Pennsylvania recently made national headlines for seeking criminal charges against a York County drywaller for an alleged violation of Act 72, the Construction Workplace Misclassification Act. This will be the first time that criminal charges have been levied against a contractor under the act. Prosecution of the matter will be handled by the Delaware County District Attorney’s Office with assistance from the Fair Labor Section of Pennsylvania’s Office of Attorney General.
The act has been on the books for approximately a decade; however, the first several years resulted in minimal fines and limited enforcement. A few years after creation, in 2013, the state investigated 25 cases and levied $2,500 in monetary penalties in total for the entire state. Enforcement in recent years has escalated significantly. In 2018, the last reported data point, the state levied monetary penalties of $566,845. Now, the first criminal prosecution is pending. An intentional violation of the act can result in a misdemeanor.
Act 72 applies to all construction companies working on all types of projects — public, private, residential or commercial. To comply, every independent contractor must have a written contract in place. Further, each relationship must be analyzed to ensure that the subcontractor is truly an independent contractor that controls its own work and the pricing structure.
Certain factors take priority when analyzing the relationship:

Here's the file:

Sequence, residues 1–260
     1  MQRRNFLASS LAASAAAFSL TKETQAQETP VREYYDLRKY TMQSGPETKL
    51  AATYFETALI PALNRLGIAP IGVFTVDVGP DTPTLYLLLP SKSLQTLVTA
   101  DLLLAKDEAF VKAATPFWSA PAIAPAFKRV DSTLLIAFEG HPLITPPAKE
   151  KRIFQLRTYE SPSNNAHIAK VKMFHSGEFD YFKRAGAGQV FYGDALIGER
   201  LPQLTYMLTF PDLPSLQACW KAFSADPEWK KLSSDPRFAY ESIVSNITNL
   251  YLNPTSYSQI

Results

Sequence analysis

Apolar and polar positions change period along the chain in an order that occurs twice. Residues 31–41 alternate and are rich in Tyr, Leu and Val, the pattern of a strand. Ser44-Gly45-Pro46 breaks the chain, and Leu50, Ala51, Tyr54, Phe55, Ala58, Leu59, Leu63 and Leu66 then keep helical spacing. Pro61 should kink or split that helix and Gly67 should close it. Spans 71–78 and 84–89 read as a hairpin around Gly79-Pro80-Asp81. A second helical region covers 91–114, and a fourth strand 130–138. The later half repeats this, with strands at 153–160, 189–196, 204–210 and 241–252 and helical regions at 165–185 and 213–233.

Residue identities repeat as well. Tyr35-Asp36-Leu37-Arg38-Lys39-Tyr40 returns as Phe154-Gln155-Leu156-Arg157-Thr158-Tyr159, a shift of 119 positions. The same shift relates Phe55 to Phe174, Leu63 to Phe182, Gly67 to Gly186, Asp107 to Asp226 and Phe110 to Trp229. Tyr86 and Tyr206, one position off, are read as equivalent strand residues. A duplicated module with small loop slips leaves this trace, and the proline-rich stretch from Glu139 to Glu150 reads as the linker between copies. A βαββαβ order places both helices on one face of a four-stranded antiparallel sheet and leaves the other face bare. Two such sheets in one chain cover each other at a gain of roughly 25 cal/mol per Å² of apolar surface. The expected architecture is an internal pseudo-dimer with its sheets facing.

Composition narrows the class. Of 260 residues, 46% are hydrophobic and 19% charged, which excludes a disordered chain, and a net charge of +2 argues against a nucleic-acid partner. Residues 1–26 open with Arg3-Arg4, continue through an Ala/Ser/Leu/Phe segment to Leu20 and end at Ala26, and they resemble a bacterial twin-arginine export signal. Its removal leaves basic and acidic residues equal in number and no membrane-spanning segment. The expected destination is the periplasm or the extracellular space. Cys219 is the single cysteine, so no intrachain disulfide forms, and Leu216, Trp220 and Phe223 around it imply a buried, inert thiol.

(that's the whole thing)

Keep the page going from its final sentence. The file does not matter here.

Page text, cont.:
- Is there a written contract?
- How is the pricing and scope determined?
- How is the subcontractor organized—are they a standalone company that holds itself out to the public/industry for work?
- Does the subcontractor take the risk of profit/loss on the work?
- Who provides the tools, material and training?
- Who is responsible for insurance, tax withholdings, Unemployment Compensation (UC) and Workers Compensation (WC)?
- Various other factors can affect the analysis.
An important point to consider is that even if the subcontractor is truly an independent contractor, if the contract is non-existent, incomplete or lacking precision, it invites greater scrutiny and risk of liability.
Update your contract documents and contracting practices
Best practice is to update your contract documents and business practices to account for the increased enforcement of Act 72. You should review and update your standard contracts every two years, in general, to account for changing trends and practices in the industry. Whether updating old forms or creating new custom forms, it is important to use trusted legal counsel and also receive feedback from related professionals such as insurance brokers. It is an interactive process to ensure that the terms accurately state the points that align with your business interests.